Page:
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Hurricane sandy
Hurricane sandy
Hurricane sandy
Hurricane sandy
Hurricane sandy
Hurricane sandy
Hurricane sandy
Hurricane sandy
Hurricane sandy
Hurricane sandy
Hurricane sandy
Hurricane sandy
Hurricane sandy
Hurricane sandy
Hurricane sandy
Hurricane sandy
Hurricane sandy
Hurricane sandy
Hurricane sandy
Hurricane sandy
Hurricane sandy
Hurricane sandy
Hurricane sandy
Hurricane sandy
Hurricane sandy
Hurricane sandy
Hurricane sandy
Hurricane sandy
Hurricane sandy
Hurricane sandy
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Hurricane sandy

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  • 1. SANDY HURRICANE By Karthik ram
  • 2. FORMATION OF HURRICANE A tropical thunderstorm can grow into a massive hurricane under certain conditions. Sometimes several thunderstorms start rotating around a central area of low pressure.  This is called a tropical depression. If the depression strengthens so that winds reach at least 39 mph, it is called a tropical storm.  And if wind speeds increase to more than 74 mph, it is called a tropical cyclone or hurricane. 
  • 3. CONT…. Once formed, hurricanes take energy from the warm ocean water to become stronger. A storm will strengthen if there is a supply of warm, moist air to feed it.  Warm, moist air is found above warm, tropical ocean waters. While a hurricane is over warm water it will continue to grow.  A hurricane dies when it moves away from the tropics. When a hurricane moves into areas with cooler ocean water, it weakens.  It will also weaken if it travels over land. 
  • 4. CONT… The rotation of the storm is due to the Coriolis Effect, a product of the Earth's rotation.  This causes the air being drawn into the central low pressure to curve. The air rises as it rotates.  This rising air, which is saturated with water, cools and condenses, forming clouds. Hurricanes do not occur within 300 miles (500 kilometers) of the equator because there is no Coriolis Effect at the equator. 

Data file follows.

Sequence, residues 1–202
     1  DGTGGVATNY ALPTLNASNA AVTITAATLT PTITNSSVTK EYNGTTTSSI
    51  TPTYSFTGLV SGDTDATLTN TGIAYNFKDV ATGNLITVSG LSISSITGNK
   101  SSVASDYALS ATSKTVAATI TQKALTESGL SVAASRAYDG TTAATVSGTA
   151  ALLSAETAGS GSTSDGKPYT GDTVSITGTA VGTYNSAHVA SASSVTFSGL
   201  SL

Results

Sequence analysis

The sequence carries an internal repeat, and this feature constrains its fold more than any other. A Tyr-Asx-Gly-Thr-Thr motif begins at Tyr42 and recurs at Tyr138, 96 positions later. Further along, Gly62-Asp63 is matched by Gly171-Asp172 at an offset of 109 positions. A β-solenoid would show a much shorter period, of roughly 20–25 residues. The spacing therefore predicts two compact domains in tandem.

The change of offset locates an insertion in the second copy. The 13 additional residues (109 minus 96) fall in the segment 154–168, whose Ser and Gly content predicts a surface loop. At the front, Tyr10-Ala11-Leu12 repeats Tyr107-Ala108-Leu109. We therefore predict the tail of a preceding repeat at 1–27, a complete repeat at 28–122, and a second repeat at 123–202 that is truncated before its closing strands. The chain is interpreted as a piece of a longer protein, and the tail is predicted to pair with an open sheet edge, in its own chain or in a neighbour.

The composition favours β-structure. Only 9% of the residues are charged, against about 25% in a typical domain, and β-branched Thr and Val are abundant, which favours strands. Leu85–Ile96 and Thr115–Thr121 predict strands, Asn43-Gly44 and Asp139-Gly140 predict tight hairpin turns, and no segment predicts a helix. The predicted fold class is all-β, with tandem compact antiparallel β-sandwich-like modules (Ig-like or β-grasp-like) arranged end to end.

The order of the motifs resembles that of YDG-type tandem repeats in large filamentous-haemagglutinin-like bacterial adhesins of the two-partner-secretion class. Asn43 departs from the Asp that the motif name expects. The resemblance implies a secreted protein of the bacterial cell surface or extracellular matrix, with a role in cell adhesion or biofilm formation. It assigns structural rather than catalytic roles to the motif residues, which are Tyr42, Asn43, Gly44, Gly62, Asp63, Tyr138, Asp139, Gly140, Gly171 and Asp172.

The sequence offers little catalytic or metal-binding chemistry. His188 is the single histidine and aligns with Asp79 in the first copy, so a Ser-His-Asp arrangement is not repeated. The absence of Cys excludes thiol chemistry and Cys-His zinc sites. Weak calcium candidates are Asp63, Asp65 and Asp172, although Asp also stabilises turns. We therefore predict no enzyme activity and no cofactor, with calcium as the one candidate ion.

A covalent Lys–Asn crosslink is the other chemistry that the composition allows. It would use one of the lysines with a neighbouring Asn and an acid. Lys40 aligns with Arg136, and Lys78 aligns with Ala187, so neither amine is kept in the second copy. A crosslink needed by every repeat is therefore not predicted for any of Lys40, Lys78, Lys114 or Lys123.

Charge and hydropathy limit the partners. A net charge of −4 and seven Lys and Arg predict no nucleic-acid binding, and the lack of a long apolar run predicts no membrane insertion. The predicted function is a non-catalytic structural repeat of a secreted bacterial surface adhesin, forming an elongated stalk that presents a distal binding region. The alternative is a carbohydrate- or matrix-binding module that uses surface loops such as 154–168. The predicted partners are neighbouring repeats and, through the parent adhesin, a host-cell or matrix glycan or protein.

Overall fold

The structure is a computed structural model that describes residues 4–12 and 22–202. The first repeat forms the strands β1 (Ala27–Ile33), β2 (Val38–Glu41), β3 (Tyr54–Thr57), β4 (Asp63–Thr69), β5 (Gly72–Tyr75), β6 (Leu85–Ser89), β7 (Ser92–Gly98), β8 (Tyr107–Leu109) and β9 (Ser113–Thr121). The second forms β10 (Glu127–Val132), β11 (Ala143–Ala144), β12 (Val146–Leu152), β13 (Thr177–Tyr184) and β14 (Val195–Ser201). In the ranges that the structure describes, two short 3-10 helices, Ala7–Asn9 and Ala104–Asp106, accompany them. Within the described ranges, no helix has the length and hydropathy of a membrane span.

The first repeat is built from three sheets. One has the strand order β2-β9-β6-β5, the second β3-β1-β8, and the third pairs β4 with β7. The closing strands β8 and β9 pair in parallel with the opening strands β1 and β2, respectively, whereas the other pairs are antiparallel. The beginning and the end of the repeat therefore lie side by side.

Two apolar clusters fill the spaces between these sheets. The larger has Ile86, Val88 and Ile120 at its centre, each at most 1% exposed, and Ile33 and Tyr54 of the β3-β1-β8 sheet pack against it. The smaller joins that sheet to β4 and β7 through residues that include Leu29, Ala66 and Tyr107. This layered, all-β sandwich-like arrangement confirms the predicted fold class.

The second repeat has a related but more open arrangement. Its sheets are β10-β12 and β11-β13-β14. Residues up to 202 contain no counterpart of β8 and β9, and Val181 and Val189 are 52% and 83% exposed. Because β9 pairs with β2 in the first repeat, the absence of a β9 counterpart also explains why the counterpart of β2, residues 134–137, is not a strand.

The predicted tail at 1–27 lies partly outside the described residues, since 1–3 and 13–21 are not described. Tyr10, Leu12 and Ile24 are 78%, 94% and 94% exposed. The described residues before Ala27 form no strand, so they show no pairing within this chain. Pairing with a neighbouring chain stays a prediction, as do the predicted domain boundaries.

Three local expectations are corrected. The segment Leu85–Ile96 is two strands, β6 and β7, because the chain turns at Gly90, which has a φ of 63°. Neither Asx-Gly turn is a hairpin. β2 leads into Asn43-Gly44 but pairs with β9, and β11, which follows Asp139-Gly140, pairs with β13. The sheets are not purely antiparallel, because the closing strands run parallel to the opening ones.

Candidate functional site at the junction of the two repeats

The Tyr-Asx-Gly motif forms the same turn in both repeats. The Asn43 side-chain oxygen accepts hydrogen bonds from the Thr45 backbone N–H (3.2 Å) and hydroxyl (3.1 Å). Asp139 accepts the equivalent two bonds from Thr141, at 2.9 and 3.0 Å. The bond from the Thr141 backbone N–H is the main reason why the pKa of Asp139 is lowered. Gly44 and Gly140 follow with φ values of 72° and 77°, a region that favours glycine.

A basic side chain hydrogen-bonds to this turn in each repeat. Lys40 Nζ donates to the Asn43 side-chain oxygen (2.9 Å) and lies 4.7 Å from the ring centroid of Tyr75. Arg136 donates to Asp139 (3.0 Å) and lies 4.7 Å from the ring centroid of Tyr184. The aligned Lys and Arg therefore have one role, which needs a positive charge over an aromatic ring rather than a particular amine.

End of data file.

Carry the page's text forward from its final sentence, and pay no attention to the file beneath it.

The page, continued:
• 5. HURRICANE SANDY Hurricane Sandy was an Atlantic tropical cyclone which affected parts of the Caribbean, Mid-Atlantic and Northeastern United States in late October 2012, and became the largest Atlantic hurricane in diameter, with winds spanning 1,100 miles (1,800 km).  It is expected to make landfall in the East Coast of the United States and Eastern Canada (Nova Scotia).  Sandy is the eighteenth tropical cyclone, eighteenth named storm, and tenth hurricane of the 2012 Atlantic hurricane season. 
  • 6. IMPACTS  At least 43 people were killed: 40 in the Caribbean and three in the Bahamas. On October 25, Sandy got weaker and became a Category 1 hurricane.  Bloomberg said the city's transportation department estimates $1 billion in incremental costs, including nearly $800 million for street reconstruction alone. The mayor estimated that Sandy cost the New York City economy about $5.7 billion in lost productivity.  In New Jersey, Gov. Chris Christie said Friday Sandy had caused more than $29 billion in damage in his state.  Hurricane Sandy left at least 121 people dead across the U.S., with 43 of those deaths in New York City. Another 67 were killed in the Caribbean and two people died in Canada.
  • 7. EMERGENCY RESPONSE  A lot of public schools on the Treasure Coast and in Palm Beach County, Florida were closed for Friday October 26. FEMA announced that they will monitor Sandy and help those in need in the Southeast, Mid-Atlantic and New England states.  FLOOD AND COASTAL FLOOD WATCHES...WARNINGS...AND ADVISORIES ARE IN EFFECT OVER PORTIONS OF THE MID-ATLANTIC AND NORTHEAST STATES.  FOR INFORMATION SPECIFIC TO YOUR AREA...INCLUDING WATCHES AND WARNINGS. PLEASE MONITOR PRODUCTS ISSUED BY YOUR LOCAL NATIONAL  WEATHER SERVICE OFFICE AT WWW.WEATHER.GOV.
  • 8. CONT…. The president authorized an emergency declaration for New Hampshire, Virginia and West Virginia, the FEMA release said.  The president also has authorized emergency declarations for Connecticut, Delaware, the District of Columbia, Maryland, Massachusetts, New Jersey, New York, Pennsylvania and Rhode Island.  The president's actions, the release said, authorizes FEMA to coordinate all disaster relief efforts to provide assistance for required emergency measures, directly to state, tribal and local governments, to save lives and to protect property and public health and safety. 
  • 9. COORDINATION AMONG VARIOUS DEPARTMENTS: FEMA  DEPARTMENT OF DEFENSE  RED CROSS  BAPISITE  VOLUNTEERS  NATIONAL WEATHER DEPARTMENT  ARDA  OTHER AGENCIES 